Published in Brand Management Focus 2004, April 2004.
The liberalization of international trade means big challenges for IP rights owners. Louis S. Ederer and Andrew Bernstein of Torys LLP analyze how brand owners can combat grey goods in Canada using trademark and other laws.
The liberalization of international trade in the past decade has been of tremendous benefit to North American businesses. However, it has also posed certain challenges, particularly for trademark owners whose products are sold in many countries. A trademark owner has the right, among other things, to authorize the making and selling of its products in particular countries, through particular trade channels. But trademark owners have been unable to control the diversion of goods, originally intended to be sold only in certain countries, to other countries where they were not intended to be sold. When imported into countries such as Canada and the United States, where they were not intended to be sold, these diverted products are known as grey market goods.
Trademark law, which ordinarily permits only a trademark holder (or his designee) to sell goods bearing its marks within a particular territory or country, will not typically prevent the sale of diverted grey market imported goods that were originally authorized to be made or sold only in another territory or country. The doctrine of exhaustion or the right of first sale generally means that once legitimate goods bearing a mark are sold anywhere in the world, the purchaser has the right to import or resell them. This permits an unauthorized entrepreneur to purchase trademarked goods in a low-price jurisdiction, and import and resell them into a high-price jurisdiction.
This, of course, can have serious adverse consequences for businesses. By depleting the products in the low-price jurisdiction, grey marketing elevates local prices, making the product less attractive to local buyers. More important, grey market products imported into a high-price jurisdiction compete at a low price with the manufacturer’s own products and diminish the manufacturer’s control over its own brands. Hence, businesses with widespread international sales have a strong interest in resisting and controlling grey marketing.
This article analyzes the avenues available to businesses seeking to challenge grey marketing in Canada, using trademark law as well as some other available legal regimes.
Resisting grey marketing on the basis of trademarks
Under Canadian law, the sale of grey market goods does not typically constitute trademark infringement. In a nutshell, that is because of the underlying purpose of trademark law, which is intended to protect consumers from confusion about the source of goods (that is, ensuring that the cola inside the can marked Coca-Cola is actually made by The Coca-Cola Company or its licensee). Because, by definition, grey market goods originate with or are ultimately authorized by the mark holder or a licensee (over whom the mark holder must assert quality control), there cannot be any confusion about the source of the goods, and therefore no infringement.
The fact that prohibiting grey market goods does not further the purpose of trademark law, combined with the doctrine of exhaustion and the common-law courts’ natural reluctance to extend a mark holder’s monopoly further than necessary, means that courts have been unwilling to regulate their sale. Nevertheless, it is still possible to enforce trademarks against grey market products under certain circumstances, and this can be done through an action for infringement, an action for passing off, or an action for depreciation of goodwill.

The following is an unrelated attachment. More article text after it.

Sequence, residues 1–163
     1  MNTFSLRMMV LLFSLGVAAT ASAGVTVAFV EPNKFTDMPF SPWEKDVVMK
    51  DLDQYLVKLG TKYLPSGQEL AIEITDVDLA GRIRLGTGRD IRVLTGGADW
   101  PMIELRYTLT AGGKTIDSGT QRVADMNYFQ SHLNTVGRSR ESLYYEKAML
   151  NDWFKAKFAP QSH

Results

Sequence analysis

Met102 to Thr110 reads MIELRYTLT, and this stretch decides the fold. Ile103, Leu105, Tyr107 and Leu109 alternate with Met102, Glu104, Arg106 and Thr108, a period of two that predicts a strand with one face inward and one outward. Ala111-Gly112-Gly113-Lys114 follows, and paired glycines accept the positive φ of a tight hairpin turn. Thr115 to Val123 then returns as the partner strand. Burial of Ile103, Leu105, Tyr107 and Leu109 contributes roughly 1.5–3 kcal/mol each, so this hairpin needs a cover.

Where a Canadian company is the registered owner of a Canadian trademark, the courts have been willing to stop the importation and sale of the grey goods bearing that trademark under certain circumstances. Section 19 of the Trademarks Act of 1985 (the Act) grants the owner of a registered Canadian trademark the exclusive right to use the trademark throughout Canada. That right would, arguably, be infringed by the sale of grey products that did not originate in Canada.
For this argument to be successful, the international manufacturer/seller of the goods must be distinct from the trademark owner in Canada. This permits the Canadian trademark owner to argue that it did not exercise its right of first sale over the goods, and therefore its trademark rights are not exhausted. Helpfully, Canadian courts have also extended this protection to Canadian subsidiaries of multinational corporations. Generally, if a multinational corporation produces and sells a product abroad, and that product is imported by a grey marketer into Canada, the corporation cannot complain of trademark infringement. This would be true even if the Canadian subsidiary of the corporation owned the Canadian trademark, since the corporation would have exhausted its rights by the sale of the product abroad. However, according to Canadian courts, if a Canadian subsidiary of a multinational can sufficiently distance itself from its parent, the subsidiary can assert its rights in a Canadian trademark against the grey marketer. Although at least one case (Remington Rand Limited v Transworld Metal Company Limited,  Ex CR 463) has held that all that is required is a separate corporate existence (which is as simple as setting up a subsidiary), the current law also requires a differentiated product. This makes sense in the context of trademark law, since if a foreign product has characteristics that are different from the domestically marketed product, such as a different composition, different warranty, different after-market service, or it conforms to different standards, it would be more likely to confuse consumers, who believe they are buying the Canadian version of the product that they are accustomed to (H J Heinz Co of Canada Ltd v Edan Food Sales Inc (1991), 35 CPR (3d) 213).
Of course, for an infringement case to be brought, the domestic producer must have sufficient rights in the trademark. That is, the mark must be sufficiently distinctive to the Canadian owner of the trademark, as opposed to the international manufacturer. For example, the courts invalidated the Canadian registration of an international trademark that had long been owned in Canada by the multinational trademark owner before Canadian registration by a Canadian distributor (Wilkinson Sword (Canada) Limited v Juda,  2 Ex CR 137; Breck’s Sporting Goods v Magder (1976), 1 SCR 527; Havana House Cigar & Tobacco Merchants Ltd v Skyway Cigar Store (1998), 81 CPR (3d) 203). Indeed, raising this issue in an interlocutory injunction application with respect to grey market goods has been sufficient to avoid the injunction (Ulay (Canada) Ltd v Calstock Traders Ltd (1969), 59 CPR 223 (Ex Ct)). On the other hand, H J Heinz Co of Canada Ltd, owner of the Heinz trademark in Canada, successfully used its Canadian trademark to stop the unauthorized importation of Heinz ketchup that was manufactured and marked by its US parent (see above).